One Man’s Ballot

Glenn shares his recent perspective on Modern, then delves into the meat of this year’s Hall of Fame ballot and shares his thoughts as well as his vote.

Recently, some local Modern events have been firing for a few hundred dollars in store credit. As I’ve got no interest in spending actual money on Magic cards for Pro Tour Magic 2015 and a heavy interest in learning all of Modern’s nooks and crannies, I’ve been playing in them and enjoying a fair bit of success. I’m winning over 80% of my matches, which is quite satisfying and padding my card fund very nicely.

My technical play has shown particular improvement, as I’ve not only been playing pretty tight but I’ve been doing so with a faster pace of play and with much more successful post-game analysis when I do make an error. My weapon of choice has been especially good at leveraging opposing error, so that’s a recipe for success!

Anyway, I know all you guys care about is a list, so here you go:

That’s right, one Wall of Omens. Truthfully I hate the card — it feels a lot like cycling at sorcery speed in a ton of matchups, and my Angels kill people so often that drawing a card or getting some extra benefit isn’t really a dealbreaker. I very much dislike trying to play Wall early, as preserving my instant-speed Flash game to destabilize whatever my opponent is trying to do is usually my biggest priority — Wall either denies me that or comes down so late that its body becomes irrelevant. As a result, if I were to add more Walls I’d be forced to trim Cryptic Commands and add Leaks or Remands, which is a consideration but not one that suits my current interests.

Most of this is pretty normal-looking. Keranos is a sweet card against Jund and any other matchups that get more grindy and attrition-based.

I’ve felt slightly looser against Pod and Scapeshift than I’d like, so I may be finding room for some additional love for them in Shadow of Doubt or Aven Mindcensors, and potentially the third Kiki-Jiki (although that’s not very likely). I’d like a better solution to Reveillark, but currently I just don’t have the room or the willingness to play Relics for it.

The Timely Reinforcements is narrow but very high-impact; you don’t need it without a lot of Burn or U/R Delver in your metagame, and I’ll likely cut it myself soon as those decks have been failing to show up in the numbers I expected.

Let’s get to the meat of today’s article: the Hall of Fame.

I’m very honored to have once more been given a Hall of Fame ballot — it’s a great joy to be able to contribute to the game I love and recognize the players I most admire in this way. It’s a privilege that I don’t consider lightly.

#1. Makihito Mihara

Makihito Mihara has five Pro Tour Top 8s — that’s a Hall of Fame-level resume already. In fact, last year he only had four, and finished 5th in the voting! While he wasn’t especially close to making it in, he went ahead and added a Pro Tour Top 8 to his resume at Pro Tour Theros, and that’s pretty much all you can ask out of anyone working toward a spot in the Hall — more PT Top8s.

Mihara’s one of the biggest names out of Japan, even though the remainder of his resume is rather quiet. He has a relatively low total Pro Point threshold, but it seems odd to punish someone for achieving so much Pro Tour excellence even when their schedule makes it more difficult for them to compete in Grand Prix events, an endeavor that has become less and less valuable to Pro players in recent years.

#2. Paul Rietzl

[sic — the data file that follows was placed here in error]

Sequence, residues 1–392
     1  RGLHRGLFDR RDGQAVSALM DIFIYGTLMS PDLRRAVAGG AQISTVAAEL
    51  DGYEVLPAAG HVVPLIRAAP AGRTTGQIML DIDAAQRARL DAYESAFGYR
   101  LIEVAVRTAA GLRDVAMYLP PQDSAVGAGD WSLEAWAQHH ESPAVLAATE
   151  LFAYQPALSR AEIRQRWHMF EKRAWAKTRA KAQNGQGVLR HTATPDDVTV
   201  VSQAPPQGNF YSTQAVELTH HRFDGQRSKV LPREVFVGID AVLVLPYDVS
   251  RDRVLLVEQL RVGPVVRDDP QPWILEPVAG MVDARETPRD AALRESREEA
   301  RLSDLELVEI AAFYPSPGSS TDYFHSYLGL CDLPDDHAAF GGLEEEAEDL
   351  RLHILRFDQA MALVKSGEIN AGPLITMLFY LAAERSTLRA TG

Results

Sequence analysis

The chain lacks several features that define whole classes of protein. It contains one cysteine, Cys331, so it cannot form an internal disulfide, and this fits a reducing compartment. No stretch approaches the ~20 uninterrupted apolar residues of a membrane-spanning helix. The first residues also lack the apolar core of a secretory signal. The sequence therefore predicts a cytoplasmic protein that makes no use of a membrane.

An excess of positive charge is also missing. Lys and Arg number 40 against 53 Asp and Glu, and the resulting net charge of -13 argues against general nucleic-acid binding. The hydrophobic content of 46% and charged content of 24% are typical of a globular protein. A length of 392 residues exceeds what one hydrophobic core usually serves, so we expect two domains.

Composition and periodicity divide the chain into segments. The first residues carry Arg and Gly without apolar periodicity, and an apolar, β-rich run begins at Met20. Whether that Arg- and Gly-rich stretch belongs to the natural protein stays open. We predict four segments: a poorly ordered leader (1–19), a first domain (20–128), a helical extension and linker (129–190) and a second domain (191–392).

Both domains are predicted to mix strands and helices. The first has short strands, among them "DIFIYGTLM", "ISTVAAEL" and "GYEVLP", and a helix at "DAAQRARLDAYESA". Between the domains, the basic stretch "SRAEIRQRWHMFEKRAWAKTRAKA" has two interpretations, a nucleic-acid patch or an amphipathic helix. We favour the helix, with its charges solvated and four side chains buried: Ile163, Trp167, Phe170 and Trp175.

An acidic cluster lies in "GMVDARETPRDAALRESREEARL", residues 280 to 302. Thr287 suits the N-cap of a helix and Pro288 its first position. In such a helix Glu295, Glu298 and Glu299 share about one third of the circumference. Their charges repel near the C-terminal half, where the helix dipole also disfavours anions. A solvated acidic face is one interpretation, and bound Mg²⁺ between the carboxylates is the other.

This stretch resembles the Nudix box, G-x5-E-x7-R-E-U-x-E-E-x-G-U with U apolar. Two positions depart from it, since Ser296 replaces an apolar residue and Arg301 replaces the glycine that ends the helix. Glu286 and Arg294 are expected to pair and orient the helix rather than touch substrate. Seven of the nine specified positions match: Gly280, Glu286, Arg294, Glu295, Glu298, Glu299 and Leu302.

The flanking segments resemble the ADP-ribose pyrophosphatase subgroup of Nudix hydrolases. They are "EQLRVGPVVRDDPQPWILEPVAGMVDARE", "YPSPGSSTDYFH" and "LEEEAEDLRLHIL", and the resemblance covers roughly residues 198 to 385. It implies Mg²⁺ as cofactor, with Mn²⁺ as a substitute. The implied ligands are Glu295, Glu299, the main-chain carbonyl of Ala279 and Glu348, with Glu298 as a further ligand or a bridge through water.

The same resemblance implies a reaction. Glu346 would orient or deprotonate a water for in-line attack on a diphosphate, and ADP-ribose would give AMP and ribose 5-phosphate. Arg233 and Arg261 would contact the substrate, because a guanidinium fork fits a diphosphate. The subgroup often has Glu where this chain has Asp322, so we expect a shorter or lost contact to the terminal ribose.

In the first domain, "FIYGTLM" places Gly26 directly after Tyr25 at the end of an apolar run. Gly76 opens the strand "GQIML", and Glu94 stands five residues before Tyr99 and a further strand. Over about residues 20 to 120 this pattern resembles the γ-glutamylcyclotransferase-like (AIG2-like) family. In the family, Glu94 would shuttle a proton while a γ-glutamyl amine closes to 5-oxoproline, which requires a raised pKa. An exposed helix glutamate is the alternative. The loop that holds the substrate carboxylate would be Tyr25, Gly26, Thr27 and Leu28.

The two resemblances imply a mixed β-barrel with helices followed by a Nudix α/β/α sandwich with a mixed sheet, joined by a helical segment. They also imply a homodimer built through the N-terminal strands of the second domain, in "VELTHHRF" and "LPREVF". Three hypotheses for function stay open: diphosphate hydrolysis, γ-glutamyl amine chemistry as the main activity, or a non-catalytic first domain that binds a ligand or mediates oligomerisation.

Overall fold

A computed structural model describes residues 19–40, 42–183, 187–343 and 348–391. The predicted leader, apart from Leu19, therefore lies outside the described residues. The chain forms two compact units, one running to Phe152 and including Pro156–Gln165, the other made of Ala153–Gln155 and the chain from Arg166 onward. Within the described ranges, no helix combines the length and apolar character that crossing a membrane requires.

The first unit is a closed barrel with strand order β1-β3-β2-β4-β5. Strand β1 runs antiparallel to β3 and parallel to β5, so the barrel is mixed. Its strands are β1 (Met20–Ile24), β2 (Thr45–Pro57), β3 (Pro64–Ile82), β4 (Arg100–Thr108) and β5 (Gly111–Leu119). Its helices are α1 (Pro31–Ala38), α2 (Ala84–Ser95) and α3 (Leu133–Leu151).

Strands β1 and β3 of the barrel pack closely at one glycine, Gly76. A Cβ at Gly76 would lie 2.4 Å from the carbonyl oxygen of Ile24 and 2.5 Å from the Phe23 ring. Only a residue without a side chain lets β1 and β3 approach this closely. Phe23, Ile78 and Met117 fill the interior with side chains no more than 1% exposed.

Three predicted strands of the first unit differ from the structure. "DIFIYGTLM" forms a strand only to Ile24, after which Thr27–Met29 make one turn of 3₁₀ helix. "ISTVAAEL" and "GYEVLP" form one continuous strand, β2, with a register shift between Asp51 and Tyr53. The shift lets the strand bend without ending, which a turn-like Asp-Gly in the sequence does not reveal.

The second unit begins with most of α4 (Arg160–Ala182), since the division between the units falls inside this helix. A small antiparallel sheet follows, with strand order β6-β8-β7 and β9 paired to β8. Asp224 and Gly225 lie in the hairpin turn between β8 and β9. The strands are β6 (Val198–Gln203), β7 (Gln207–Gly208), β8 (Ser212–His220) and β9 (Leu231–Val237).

Paul has had a long career. His name has appeared in tournament coverage for decades now, often with him losing some clutch Grand Prix matches (as he himself has amusingly referenced). I met Paul very briefly during my second Pro Tour, Honolulu 2009, where he managed a resurgent Top 8, and it was easy to see that he was playing at a high level with a real passion for Magic.

He has continued to play at an incredibly high level, posting three more Top 8s since then, including the win in Amsterdam that led to the report linked to above. The story of his Pro Tour/Grand Prix extravaganza in Paris is borderline Magic myth at this point, the sort of urban legend people tell new players to freak them out. He’s having a great season right now, with a Top 8 in Pro Tour Theros after brewing and playing a fantastic deck for that event, followed by a Top 16 in Atlanta.

I’m sure most of you knew all that stuff about Paul, and honestly it would be enough for him to earn my vote all on it lonesome. However, Paul is also an incredible ambassador for the game and one of the most entertaining writers we’ve got, which is saying a lot because the commitments of his day job are so heavy that it obstructs his ability to play many events and even his preparation. The fact that Paul succeeds at Magic has earned him consideration for the Hall, but it’s everything else that makes me confident he’ll find a home there this year.

#3. Guillaume Wafo-Tapa

Anyone’s decision to vote or not vote for Wafo-Tapa seems to hinge on their assessment of the New Phyrexia Godbook situation. His stats are quite strong, and his contributions to Magic include some incredible evolutions in deckbuilding in addition to well-received pieces of content.

My understanding of the Godbook situation is essentially that Guillaume Matignon violated his NDA by sharing the Godbook with Wafo-Tapa, who then in turn violated Matignon’s trust (and perhaps by some views, an implicit extension of Wizards’ trust) by sharing it with others, and so on and so forth. I feel it’s relevant to point out that Wafo-Tapa himself was not, as near as I’ve been able to tell or recall, under any kind of NDA himself — he was not supposed to have the information in the first place, so there’d be little need for that.

I take the concept of trust and confidentiality very seriously — I’ve had to, between working in coverage with highly competitive players and befriending similar people in my personal life. When someone asks me to not repeat something or asks for my opinion in confidence, that’s exactly what they get — so Wafo’s passing that info along strikes a nerve with me on a personal level.

However, as near as I know he did not go to some active or extraordinary length to get information he wasn’t supposed to have. He wasn’t asked, except presumably by his friend, to keep it to himself. You can make the argument that he should’ve known Wizards wouldn’t want that information leaked, but that’s certainly not stopping anyone else — we’ve got articles on websites across the internet translating images of cards as soon as anyone gets their hands on it and professional players filling our sites with content based on that information.

Wafo’s error seems very human to me — not made out of malice or lack of sportsmanship, but rather just poor judgment in murky waters. I wish he hadn’t done it, because that would make his place in the Hall assured and without blemish, something I’d be very happy to be a part of doing. As it stands, I can vote for him with a clean conscience because while he did harm to Magic, I don’t believe he meant to, and intent makes a world of difference to me.

#4. Justin Gary